So this past weekend, I ran the Ragnar Relay DC race, a 200-mile relay race from Cumberland, MD to Washington DC. I’m no stranger to relay races; this was my 7th over the past two years.
|Our team was featured in the Ragnar Magazine|
I love the Ragnar Relays. They’re well-organized, safe, and fun. Think: hard-running meets block-party. Ragnars are about running under non-normal (and often, non-optimal) circumstances: an unfamiliar location, without much sleep, without good food, regardless of the weather, and maybe in some crazy costume.
It’s about working together as a team in a sport that is known for its individualization.
The race this past weekend was different than others because we ran it as an Ultra – only six people instead of twelve. That meant we had double the miles (I personally ended up with 30), and no down time while the other van was running. We were the other van.
If you want a little taste of the silliness, here you go:
I’m doing this postmortem of the race in case any future Ragnar Ultra teams want to learn from our experience, and because I’m sure I’ll end up doing something this stupid again. That’s how I roll. So here it is, Ultra Team Fast Girls Have Good Times: The Good, The Bad and the Ugly.
1. All of our personalities meshed together well. When we first were getting our team together months ago we knew we wanted two things: 1) All women and 2) All drama-free people. If you’re going to be trapped in a 6x10ft moving box with five other people for 30 hours, make sure it’s with people who click. Having just one person who is cranky or whiney can make 30 hours feel like 30 days. Not so for us – everybody in our van was fabulous.
3. We took the back seat out of the 15-passenger van (note: we had someone’s house in DC, where we could leave it). In a 15-passenger, the back seat comes all the way up to the door which leaves very little room, and basically making the back area useless. Moving this seat gave us a 6x5 space in the back for food, suitcases and all our massive amounts of stuff.
4. Two words: electric cooler. It was an absolute miracle. Plugged into the lighter and kept stuff awesome cold without having to mess with ice.
5. We packed our own food. And we actually thought about what we would want to eat ahead of time, instead of the usual mad dash through a grocery store a couple hours before the race started. And it’s a good thing too, there was neither place nor time to stop at a restaurant for real food.
Our packed eats included: pasta salad, quinoa & feta cheese salad, PB&J sandwiches, hummus, apples, bananas, peanut butter, wheat thins, cheese sticks, Lara/clif bars, brownies, and orange slices. I never want to run another Ragnar without orange slices. They were perfect after a long run
6. We had one person pay for everything, then just split the cost. Simple, efficient, effective.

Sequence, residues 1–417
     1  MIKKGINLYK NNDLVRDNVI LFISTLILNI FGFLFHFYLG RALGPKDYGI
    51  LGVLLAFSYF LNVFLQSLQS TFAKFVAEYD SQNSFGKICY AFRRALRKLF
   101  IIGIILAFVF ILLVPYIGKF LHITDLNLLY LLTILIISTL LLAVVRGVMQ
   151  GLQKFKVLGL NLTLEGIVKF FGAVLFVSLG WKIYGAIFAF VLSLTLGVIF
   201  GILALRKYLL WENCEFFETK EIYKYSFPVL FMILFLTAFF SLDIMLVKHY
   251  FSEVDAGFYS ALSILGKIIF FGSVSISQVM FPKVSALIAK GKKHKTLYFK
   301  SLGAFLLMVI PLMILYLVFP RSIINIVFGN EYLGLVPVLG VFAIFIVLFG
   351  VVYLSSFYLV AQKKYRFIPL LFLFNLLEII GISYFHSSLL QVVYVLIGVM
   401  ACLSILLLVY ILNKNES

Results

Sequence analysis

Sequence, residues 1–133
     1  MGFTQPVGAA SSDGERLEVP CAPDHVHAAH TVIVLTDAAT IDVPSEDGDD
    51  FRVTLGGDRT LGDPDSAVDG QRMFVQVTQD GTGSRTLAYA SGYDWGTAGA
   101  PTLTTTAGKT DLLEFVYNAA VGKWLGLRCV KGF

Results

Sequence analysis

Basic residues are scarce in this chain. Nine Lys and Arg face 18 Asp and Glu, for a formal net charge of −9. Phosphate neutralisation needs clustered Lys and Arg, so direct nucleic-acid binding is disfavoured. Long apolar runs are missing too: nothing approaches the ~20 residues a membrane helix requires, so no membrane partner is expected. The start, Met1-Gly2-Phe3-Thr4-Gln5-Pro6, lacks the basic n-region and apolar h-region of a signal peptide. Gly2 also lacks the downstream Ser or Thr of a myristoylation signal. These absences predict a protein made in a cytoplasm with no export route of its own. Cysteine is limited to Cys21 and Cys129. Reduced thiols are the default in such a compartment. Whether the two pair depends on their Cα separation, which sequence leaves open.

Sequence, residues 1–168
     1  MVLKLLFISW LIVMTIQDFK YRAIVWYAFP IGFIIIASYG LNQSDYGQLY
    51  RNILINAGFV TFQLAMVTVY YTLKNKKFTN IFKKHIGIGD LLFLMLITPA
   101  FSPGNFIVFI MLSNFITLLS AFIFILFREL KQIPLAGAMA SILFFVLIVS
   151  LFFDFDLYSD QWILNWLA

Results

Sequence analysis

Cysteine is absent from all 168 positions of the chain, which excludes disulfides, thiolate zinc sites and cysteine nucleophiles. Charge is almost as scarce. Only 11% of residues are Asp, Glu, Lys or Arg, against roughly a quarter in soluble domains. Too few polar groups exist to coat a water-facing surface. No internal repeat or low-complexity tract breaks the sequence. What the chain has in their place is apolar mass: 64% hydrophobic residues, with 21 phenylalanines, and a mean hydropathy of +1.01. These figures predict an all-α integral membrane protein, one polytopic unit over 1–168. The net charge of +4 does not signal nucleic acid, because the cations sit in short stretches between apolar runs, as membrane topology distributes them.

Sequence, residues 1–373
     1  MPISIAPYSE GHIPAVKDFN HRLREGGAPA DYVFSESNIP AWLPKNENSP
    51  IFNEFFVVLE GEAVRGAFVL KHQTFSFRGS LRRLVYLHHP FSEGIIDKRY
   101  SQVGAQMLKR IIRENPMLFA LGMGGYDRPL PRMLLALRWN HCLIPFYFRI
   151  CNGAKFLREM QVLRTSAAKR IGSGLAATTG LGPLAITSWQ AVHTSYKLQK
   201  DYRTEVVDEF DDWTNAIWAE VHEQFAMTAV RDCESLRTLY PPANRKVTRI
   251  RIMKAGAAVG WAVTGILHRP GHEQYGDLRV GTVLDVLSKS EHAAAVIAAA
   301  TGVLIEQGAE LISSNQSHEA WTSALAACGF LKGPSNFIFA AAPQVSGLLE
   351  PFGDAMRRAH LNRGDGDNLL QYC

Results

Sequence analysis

|The running spreadsheet|
8. As always, we brought large ziplock bags and stuffed our sweaty running clothes in them immediately upon finishing each leg. That kept the smell in the van bearable.
The Bad (things we couldn’t control)
1. The weather. The heat index for both Friday and Saturday was in the 90s. It was brutal hot, especially for the first weekend in October. It made everything more painful. Especially those 200 miles.
2. No driver. We lost our scheduled driver the day before the race due to an emergency. This ended up being both a bad and good thing. A driver (especially who could navigate for him/herself and is familiar with Ragnar) would’ve been welcome addition, but I think the particular one we had scheduled would not have fit well with our team vibe. So I think that worked out for the best.
3. The DC craziness. The government shutdowns forced rerouting of a lot of the legs in DC. It was a hassle, and ended up changing everybody’s mileage at the last minute.
4. Almost all of us were battling some injury or residual illness. Just made something already hard, that much more difficult.
The Ugly (things I could’ve controlled)
1. My overall lack of training for this race. I was doing so terribly after my first legs, I started to make a joke about it: If only I had known this race was coming. I could’ve trained for it!!!
Of course I had known it was coming for at least six months. But I just didn’t make time for training the way I should have. It was summer, it was hot, I had a ton of writing I needed to do, I have four kids who were home, I had a lot of trips, I was bored with running and needed a break, I had over-trained for my spring races and needed a break.
Whatever. All of those excuses may be legitimate, but still didn’t change the fact that I wasn’t prepared for this race the way I needed to be. It was downright painful. Mentally and physically.
We had an absolutely fantastic time, except for maybe all the running.
I can’t think of another group of women I’d rather do something so stupid with.